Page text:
Running was a losing cause, and it just might have saved this Beaver County man
Kevin Eisenbrown is just running.
And as it turns out, just running might have just saved his life.
In August 2015, Kevin Eisenbrown weighed 336 pounds.
He was unhealthy and unhappy. He struggled with depression and anxiety. His relationship with his fiancée was falling apart.
So he decided to do something.
First, he tried dieting. He cut out sugar, then carbs, and he dropped 40, then 50 pounds.
Next, he went for a run.
“It felt like I had a weighted vest on, like somebody was pulling me backwards,” recalled Eisenbrown, 30, of Harmony, Beaver County. “I couldn't go more than 15 minutes at first.”
Then he could.
And even more weight fell off.
“That's when I said, ‘Well, the Pittsburgh Half Marathon is coming up. How do I sign up?'” he said.
He went to the website. He followed a link about runners raising money for charity. He thought of his dad, who almost died from a massive heart attack when Kevin was 12. He signed up to run for the American Heart Association.
He had never been a runner.
But at a time when he needed it, running offered peace.
So he kept running.
And he kept losing weight.
Then came race day, and nerves got to him.
“I thought: 13.1 miles is a long way,” he said. “I was afraid that I was going to pass out or die. I was terrified.”
But he went to the starting line.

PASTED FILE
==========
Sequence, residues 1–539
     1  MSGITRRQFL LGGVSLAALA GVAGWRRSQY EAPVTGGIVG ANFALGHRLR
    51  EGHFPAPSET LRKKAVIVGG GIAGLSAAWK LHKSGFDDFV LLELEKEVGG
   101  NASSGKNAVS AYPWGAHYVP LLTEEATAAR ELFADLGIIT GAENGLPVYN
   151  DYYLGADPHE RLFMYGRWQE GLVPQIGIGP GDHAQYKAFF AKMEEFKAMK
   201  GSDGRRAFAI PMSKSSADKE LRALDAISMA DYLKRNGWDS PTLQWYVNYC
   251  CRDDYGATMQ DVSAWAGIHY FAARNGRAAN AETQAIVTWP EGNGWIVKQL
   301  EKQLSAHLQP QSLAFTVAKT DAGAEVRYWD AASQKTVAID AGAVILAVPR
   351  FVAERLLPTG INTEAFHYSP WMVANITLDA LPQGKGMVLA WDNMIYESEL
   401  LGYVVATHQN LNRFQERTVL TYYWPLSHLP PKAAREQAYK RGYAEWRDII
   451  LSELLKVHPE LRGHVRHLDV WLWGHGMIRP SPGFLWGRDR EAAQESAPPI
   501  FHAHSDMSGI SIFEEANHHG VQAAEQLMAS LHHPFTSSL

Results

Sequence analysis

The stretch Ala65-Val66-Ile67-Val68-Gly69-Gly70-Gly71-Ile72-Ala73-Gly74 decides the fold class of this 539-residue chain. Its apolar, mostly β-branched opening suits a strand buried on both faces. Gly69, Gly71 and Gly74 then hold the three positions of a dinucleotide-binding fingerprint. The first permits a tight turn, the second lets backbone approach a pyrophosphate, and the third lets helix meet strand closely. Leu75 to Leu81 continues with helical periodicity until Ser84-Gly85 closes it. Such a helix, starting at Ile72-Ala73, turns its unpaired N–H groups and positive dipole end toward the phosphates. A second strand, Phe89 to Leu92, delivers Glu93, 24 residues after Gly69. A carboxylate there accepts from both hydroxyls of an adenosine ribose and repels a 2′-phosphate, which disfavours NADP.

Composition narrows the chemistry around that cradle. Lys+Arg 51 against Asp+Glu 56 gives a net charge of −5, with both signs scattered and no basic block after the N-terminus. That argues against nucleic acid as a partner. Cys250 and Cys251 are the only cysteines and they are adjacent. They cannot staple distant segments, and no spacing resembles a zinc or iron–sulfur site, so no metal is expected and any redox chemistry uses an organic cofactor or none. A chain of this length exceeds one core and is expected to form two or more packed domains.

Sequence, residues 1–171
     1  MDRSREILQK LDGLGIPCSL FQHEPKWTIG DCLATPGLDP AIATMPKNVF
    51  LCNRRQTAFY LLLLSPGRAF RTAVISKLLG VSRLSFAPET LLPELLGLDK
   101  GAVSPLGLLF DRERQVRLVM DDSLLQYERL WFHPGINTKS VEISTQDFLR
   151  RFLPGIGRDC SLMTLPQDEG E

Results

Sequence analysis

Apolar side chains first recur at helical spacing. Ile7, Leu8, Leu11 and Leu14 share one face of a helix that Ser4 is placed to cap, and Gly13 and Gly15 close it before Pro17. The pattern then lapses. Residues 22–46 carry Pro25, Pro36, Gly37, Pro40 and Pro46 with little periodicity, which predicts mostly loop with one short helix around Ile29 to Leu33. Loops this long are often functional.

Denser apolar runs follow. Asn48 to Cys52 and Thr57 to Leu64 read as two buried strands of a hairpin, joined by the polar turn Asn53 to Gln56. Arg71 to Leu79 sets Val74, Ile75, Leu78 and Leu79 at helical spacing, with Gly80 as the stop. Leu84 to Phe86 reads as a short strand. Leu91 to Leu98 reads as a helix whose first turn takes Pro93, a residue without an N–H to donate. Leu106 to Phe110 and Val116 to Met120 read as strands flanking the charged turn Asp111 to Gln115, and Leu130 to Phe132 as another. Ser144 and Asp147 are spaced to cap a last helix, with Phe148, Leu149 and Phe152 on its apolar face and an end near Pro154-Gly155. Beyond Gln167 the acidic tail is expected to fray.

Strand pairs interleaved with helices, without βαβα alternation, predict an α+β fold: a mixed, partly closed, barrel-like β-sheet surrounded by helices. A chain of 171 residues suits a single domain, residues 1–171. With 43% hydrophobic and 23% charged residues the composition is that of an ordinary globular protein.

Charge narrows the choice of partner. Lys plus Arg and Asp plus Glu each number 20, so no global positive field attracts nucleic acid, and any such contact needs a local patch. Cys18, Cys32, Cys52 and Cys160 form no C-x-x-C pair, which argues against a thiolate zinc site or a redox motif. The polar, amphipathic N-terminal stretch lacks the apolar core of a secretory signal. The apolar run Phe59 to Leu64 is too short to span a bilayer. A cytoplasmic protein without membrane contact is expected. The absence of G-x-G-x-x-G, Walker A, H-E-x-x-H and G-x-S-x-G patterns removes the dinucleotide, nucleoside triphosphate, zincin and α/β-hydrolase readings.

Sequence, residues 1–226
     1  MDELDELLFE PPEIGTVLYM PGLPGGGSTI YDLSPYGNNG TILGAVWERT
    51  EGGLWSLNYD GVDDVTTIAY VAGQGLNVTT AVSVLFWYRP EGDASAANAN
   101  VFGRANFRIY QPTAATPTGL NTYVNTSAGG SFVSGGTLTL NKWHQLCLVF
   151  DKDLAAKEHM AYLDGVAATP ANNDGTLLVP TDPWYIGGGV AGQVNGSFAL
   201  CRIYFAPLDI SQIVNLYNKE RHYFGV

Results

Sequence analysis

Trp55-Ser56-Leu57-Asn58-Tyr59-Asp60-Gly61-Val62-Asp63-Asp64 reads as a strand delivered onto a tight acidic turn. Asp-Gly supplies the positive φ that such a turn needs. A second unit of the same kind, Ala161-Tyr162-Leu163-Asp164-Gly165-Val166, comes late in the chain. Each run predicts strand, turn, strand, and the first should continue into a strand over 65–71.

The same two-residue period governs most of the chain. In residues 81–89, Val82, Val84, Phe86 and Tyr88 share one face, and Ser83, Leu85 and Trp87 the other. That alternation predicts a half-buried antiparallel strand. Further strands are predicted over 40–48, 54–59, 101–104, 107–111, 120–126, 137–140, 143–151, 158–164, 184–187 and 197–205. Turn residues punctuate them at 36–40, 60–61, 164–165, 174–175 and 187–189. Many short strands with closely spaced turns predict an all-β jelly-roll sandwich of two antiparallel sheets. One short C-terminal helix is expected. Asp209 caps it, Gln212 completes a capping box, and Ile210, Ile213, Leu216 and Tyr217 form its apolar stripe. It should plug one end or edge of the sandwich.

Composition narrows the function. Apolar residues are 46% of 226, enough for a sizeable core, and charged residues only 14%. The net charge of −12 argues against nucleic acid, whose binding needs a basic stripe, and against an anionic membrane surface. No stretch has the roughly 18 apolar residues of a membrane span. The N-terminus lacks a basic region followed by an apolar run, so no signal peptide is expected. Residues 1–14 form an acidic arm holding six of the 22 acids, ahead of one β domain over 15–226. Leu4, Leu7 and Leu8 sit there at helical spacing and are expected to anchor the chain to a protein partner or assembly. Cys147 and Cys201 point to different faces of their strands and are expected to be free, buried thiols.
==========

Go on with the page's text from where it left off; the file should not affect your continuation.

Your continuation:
He left his fears behind.
And he just started running.
“When I was done,” he said, “I was hooked.”
He was down 120 pounds.
He felt better than he ever had.
He started making plans to run more races.
There was a 5K at the airport, the Lemieux 6.6-miler, the Great Race.
He was back to his high school weight.
This was Kevin Eisenbrown at his finest.
Until it all fell apart.
His fiancée told him she had found someone else.
Kevin knew it was coming. But he hadn't given up hope. He was not prepared for the finality.
He went home that day and could not shut off his brain.
He would have to move.
Get a new job.
Sell his car.
Change everything he built.
It was too much.
He began to panic.
And then he blacked out.
He thought it was simply a panic attack, though there is nothing simple about that. He blamed it on the stress and, stubbornly, did not go to a doctor.
But something was off.
His health continued to deteriorate.
He felt dizzy. He had pain in his arm and tightness in his chest. Depression and anxiety stormed back.
Finally, he went to a doctor.
“I didn't know what was going on,” he said.
After three EKGs, doctors told him: You aren't having a heart attack right now.
But something happened.
That blackout was probably a heart attack.
The good news?
Because he had lost 120 pounds, it was not as bad as it might have been.
Still, doctors ran more tests.
They put him on medications.
They ordered him not to run.
“I was so scared,” he said. “I don't know what I'd do if I couldn't run.”
Finally, his health checked out.
So Eisenbrown started running again.
A half-marathon in Las Vegas, another in Cincinnati and another in Tampa.
He is addicted.
He wants to run a half-marathon in every state.
He expects to have 10 done by the end of the year.
And he will run Pittsburgh again his year because this is where it all started.
“It's just — there's so much adrenaline,” Eisenbrown said. “No worries. No stress. I don't think about what happened that day.
“I'm just ... running.”